The North Carolina General Assembly created Rockingham County from the northern portion of Guilford County on December 29, 1785. The new county was named for Charles Watson Wentworth, the Second Marquis of Rockingham, who served as Great Britain’s Prime Minister from 1765-1766 and in 1782.
In 1786 the first session of the Rockingham County Court of Pleas and Quarter Session convened at the home of Adam Tate at Eagle Falls on the south side of the Dan River. A site for a county seat was secured in 1787 on the land of Constantine Perkins and Charles Gallaway near the center of the county.
The site was located on a high ridge just east of Rockhouse Creek between Bear and Rocky branches. Public buildings were then constructed and the county court convened in the new courthouse in November 1787. Action by the General Assembly in 1798 established the town of “Wentworth” at the county seat.
In early North Carolina government was largely in the hands of the County Court of Pleas and Quarter Sessions composed of a “board” of Justices of the Peace appointed to the court by the Governor and, in later years, by the General Assembly. In addition to other duties, the responsibilities of the court included:
- hearing civil suits and minor criminal cases,
- providing for public buildings,
- probating decedent’s estates,
- ruling on individual cases of lunacy,
- caring for orphans and illegitimate children, and
- maintaining public roads and bridges
Those appointed to the county court served for life and, as appointments were made with ever-increasing volume during the nineteenth century, the court became quite large. Although up to forty to fifty justices were serving, there were seldom more than four to six justices present whenever quarterly court was in session. Elections for county officers usually brought out most of the justices at least once a year.
The county court appointed other county officers such as:
- the sheriff, the county’s chief enforcer of law and in later years the tax collector;
- clerk of court, who recorded all court proceedings;
- trustee, the equivalent of treasurer;
- register of deeds;
- entry taker, who represented the government concerning land grants;
- road overseers;
- standard keepers, who maintained the system and rate of weights and measurements throughout the county;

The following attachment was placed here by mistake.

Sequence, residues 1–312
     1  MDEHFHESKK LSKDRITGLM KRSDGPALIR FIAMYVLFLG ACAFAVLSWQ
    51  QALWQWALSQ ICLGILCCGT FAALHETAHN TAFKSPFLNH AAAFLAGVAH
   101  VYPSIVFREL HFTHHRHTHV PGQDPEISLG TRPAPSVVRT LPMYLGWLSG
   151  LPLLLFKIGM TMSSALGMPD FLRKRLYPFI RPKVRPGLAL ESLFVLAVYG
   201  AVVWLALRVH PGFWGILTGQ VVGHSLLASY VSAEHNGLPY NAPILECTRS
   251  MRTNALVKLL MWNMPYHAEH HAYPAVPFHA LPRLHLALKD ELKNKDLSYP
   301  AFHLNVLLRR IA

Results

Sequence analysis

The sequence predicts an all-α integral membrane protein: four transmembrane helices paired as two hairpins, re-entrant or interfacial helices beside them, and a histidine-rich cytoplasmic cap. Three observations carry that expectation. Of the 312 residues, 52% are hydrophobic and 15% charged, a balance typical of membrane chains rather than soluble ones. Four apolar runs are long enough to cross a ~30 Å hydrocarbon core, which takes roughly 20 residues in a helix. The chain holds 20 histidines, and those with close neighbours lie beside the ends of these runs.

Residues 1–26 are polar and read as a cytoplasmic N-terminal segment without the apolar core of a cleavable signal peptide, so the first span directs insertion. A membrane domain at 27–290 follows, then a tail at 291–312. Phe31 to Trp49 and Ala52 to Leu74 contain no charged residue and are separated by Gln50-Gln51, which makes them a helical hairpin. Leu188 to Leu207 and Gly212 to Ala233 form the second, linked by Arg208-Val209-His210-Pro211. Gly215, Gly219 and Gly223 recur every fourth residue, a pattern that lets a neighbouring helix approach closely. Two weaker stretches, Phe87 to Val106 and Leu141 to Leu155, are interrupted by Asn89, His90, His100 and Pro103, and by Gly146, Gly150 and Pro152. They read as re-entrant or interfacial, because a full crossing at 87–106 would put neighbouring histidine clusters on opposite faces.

- wardens of the poor, who oversaw the county’s poor and needy with special attention to the county home;
- coroners, who held inquests into unnatural deaths;
- patrolers, who kept the slave population in control, and
- constables, who executed the directives of the justices.
With the passage of the North Carolina Public School of Act of 1839, each county was instructed to appoint a county board of superintendents of the common schools consisting of some five to ten prominent citizens. This board of superintendents was responsible for the numerous school districts in the county and also appointed local committees in each of those districts for the schools therein.
Following the overthrow of the Confederate Government, the North Carolina Constitution was rewritten in 1868, by draftsmen familiar with the forms of local government in states such as Pennsylvania and Ohio. This new constitution greatly changed county government.
The position of justice of the peace was retained but the county court was abolished. The court’s legal duties were largely assigned to the Superior Court and the administrative duties of the court were assigned to the newly created board of county commissioners. The board of commissioners was composed of five members elected by the county’s voters at large. Moreover, the voters would now elect the sheriff, register, clerk, coroner, surveyor, and treasurer (the office of trustee was abolished).
The county was divided into townships (now numbering eleven) in which the voters therein elected two justices of the peace and a clerk to serve as the governing body of the township. Each township also had one constable. The township system never developed to a great extent in the state and today exists only for administrative purposes.
With the return of the Conservatives (Democrats) to power in the state, the Constitution was again amended in 1875. The board of commissioners was retained, but its members were chosen by the county justices in called session. All other officers, since 1868 elected by the voters, were to be appointed by either the justices or the commissioners. In addition, the office of county treasurer was made optional, allowing the sheriff to serve as treasurer ex officio if the office was abolished, which was the case in Rockingham County after 1890.
Under an act in 1876, the county commissioners constituted the county board of education. Soon, however, the joint sessions of the justices and commissioners elected the board of education. Beginning in 1881, the two boards and the justices elected a county superintendent of public instruction (school superintendent). After 1901 the board of education was elected by the legislature and, beginning in 1918, board members were nominated by the county conventions. Today, school boards are elected by the voters by district.
The state constitution was again amended in 1895. Restoring the elections of the board of commissioners to the voters and the reduction in the powers of the justices were among the many changes made. Briefly the number of the board of commissioners was reduced to three, but was soon returned to the traditional five.
The present century has witnessed the creation of numerous offices such as county manager, auditor, finance officer, tax supervisor, superintendent of health (originally created to inspect and treat conditions at the county home and jail), and others. Today the county’s elected positions include sheriff, commissioners, register, clerk of court, and school board. The remaining positions are appointed. - Taken from "Historical Sketch on Rockingham County Government" by Michael Perdue